This morning I was watching FOX News Channel’s FOX and Friends and the hosts were talking about the recent request by Starbucks CEO Howard Schultz for customers, even in open carry states, to not bring firearms into the Starbucks stores. I think that’s just the way it ought to be. Private businesses setting policy for their stores, or in this case just making a request of their customers, instead of the government mandating it. Then, let the public decide if their policies reflect the values of a company they’d like to do business with. In the case of carrying guns into a Starbucks, I think it’s a reasonable request and I don’t think that this issue is a motivator for very many consumers, even very pro-gun people like me. So, I don’t think it will amount to much one way or another.
The discussion on FOX this morning got me to thinking about other issues. This principle can be applied to a number of other high-profile issues that have been in the headlines recently. From wedding cakes to chicken sandwiches to advertising campaigns – it seems like there is always a boycott or PR stunt of some sort going on to protest one corporate policy or another. I’ve been thinking a lot about it lately, and I have come to believe that the public relations battles are good things. Public relations battles are way better than public policy or legislative battles any day. Let the public decide what corporate policies they are willing to support, and what policies will cause them to take their business elsewhere. Don’t legislate it.
I think that a lot of regulations and things such as non-discrimination laws or gun control laws limit our freedom to live free in a free society. In the case of non-discrimination laws, I think that in 2013 people should be free to discriminate if they want to. I think it’s a very stupid business practice, but people should be free to be stupid. They should be prepared to accept the public relations consequences of their discrimination and the impact on their bottom line, because our society has decided that discrimination of any kind isn’t something that we should support.
There are other issue where the same principle can be applied. I think the same could go for polluters, or companies who ship jobs over seas, or any other unpopular business practice. Go ahead, do it. Then face the consequences when the public decides against you and your business dries up. That’s the market at work in our free society.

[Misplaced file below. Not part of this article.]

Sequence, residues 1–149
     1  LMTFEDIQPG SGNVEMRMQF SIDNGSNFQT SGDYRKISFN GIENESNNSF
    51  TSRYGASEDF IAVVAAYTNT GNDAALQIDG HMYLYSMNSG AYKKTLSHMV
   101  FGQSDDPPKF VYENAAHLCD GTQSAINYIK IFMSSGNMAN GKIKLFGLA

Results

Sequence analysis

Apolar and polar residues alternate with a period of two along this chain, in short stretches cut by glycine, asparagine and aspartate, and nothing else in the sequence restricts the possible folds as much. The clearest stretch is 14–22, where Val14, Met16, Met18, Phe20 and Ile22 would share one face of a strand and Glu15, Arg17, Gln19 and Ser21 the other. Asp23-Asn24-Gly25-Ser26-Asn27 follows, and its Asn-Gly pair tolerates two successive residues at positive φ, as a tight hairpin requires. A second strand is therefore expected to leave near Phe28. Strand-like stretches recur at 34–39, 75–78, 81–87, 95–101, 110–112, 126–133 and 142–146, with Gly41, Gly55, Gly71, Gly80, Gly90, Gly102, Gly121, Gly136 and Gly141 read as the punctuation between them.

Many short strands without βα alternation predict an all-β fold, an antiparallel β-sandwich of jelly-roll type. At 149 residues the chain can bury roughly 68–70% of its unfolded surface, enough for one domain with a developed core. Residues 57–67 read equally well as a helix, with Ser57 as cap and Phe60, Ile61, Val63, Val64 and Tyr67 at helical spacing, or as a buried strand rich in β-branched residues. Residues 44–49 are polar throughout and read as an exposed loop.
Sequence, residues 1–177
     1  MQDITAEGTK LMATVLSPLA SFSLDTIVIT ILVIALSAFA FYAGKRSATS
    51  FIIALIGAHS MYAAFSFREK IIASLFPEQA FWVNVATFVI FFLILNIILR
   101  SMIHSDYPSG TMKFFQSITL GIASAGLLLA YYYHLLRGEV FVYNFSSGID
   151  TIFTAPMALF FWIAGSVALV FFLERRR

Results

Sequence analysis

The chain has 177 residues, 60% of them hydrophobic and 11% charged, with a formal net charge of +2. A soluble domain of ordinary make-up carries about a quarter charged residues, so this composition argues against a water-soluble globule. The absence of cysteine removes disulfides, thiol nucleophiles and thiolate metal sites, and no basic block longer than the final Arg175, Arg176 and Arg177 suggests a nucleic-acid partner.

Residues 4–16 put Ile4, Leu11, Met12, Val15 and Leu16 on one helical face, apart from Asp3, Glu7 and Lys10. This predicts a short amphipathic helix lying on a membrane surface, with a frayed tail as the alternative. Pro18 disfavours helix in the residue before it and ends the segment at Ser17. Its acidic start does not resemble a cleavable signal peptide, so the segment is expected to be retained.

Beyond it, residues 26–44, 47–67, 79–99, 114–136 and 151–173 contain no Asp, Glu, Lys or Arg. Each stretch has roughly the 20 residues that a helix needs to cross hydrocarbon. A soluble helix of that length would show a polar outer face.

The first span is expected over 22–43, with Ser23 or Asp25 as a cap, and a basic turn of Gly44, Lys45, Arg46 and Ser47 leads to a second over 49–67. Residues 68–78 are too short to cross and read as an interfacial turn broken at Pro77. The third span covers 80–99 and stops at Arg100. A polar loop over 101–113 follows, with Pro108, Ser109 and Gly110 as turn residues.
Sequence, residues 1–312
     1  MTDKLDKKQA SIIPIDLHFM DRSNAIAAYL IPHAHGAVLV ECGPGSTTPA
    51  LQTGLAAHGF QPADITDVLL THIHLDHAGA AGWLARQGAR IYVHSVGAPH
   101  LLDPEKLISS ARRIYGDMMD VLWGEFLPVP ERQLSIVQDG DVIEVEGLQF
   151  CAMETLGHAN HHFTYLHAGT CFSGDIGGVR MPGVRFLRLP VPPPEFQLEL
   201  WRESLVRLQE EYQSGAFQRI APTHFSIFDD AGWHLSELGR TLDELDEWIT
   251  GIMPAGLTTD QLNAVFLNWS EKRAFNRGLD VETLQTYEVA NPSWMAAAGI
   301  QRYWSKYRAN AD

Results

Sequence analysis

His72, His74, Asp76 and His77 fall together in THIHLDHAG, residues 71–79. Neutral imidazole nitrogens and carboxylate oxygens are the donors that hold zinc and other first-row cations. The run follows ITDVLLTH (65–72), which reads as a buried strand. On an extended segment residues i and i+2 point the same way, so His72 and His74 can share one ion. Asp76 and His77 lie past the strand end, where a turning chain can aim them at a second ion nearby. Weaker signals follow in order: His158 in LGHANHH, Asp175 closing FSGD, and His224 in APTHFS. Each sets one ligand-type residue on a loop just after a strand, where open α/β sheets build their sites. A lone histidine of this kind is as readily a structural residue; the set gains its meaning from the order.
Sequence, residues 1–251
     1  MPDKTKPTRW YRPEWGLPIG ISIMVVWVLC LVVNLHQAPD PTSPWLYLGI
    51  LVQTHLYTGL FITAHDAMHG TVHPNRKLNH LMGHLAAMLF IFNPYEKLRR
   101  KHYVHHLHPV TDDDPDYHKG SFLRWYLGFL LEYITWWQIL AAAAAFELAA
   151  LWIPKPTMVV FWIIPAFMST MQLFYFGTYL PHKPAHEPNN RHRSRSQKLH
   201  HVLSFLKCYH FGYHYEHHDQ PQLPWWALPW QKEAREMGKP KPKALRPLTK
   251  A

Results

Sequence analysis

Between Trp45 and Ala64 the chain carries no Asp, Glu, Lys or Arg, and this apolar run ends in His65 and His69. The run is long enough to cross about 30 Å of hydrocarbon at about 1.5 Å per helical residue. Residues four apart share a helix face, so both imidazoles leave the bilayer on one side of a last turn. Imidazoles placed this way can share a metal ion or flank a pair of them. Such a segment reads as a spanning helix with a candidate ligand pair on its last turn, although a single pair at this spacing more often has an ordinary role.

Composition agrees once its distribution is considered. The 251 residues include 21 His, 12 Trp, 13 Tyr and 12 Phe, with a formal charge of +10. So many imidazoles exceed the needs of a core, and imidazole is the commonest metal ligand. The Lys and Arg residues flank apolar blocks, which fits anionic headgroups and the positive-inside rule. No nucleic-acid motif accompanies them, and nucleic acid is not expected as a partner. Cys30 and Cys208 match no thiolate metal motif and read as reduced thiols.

I haven’t always thought this way. I used to lobby for more government regulations and protections against anti-gay discrimination. Now, I think enough is enough. Now I draw the line now against more government – no matter how worthy the intent.
Now back to Starbucks, I have to share a kinda funny, kinda related story – A few years ago a friend of mine was in a Starbucks. She was putting some Splenda in her coffee and took the opportunity to put a few extra Splenda packets in her purse for another time. That’s when she saw the store manager looking at her. The manager didn’t say anything, and my friend left the store with her coffee.
The fact that the manager had seen my friend taking extra Splenda’s with her began to eat at her. She felt so guilty that she went to the grocery store and bought a box of Splenda to take to the Starbucks to replace what she had taken. When she got to the store, she went up to the same manager and apologized and presented her with a new box of Splenda. The manager replied something like this, “Oh, everybody takes the Splenda! I was looking at you because the man next to you had a gun, and I wasn’t sure if we were about to be robbed! I was trying to get your attention to try to make you aware of the situation.” Ha!
So, now with the “no guns” request, Starbucks store managers can go back to policing the Splenda supplies and spend less time worrying about whether their gun carrying customers are about to rob them. BUT hopefully they’ll have a gun behind the counter for their protection – just in case.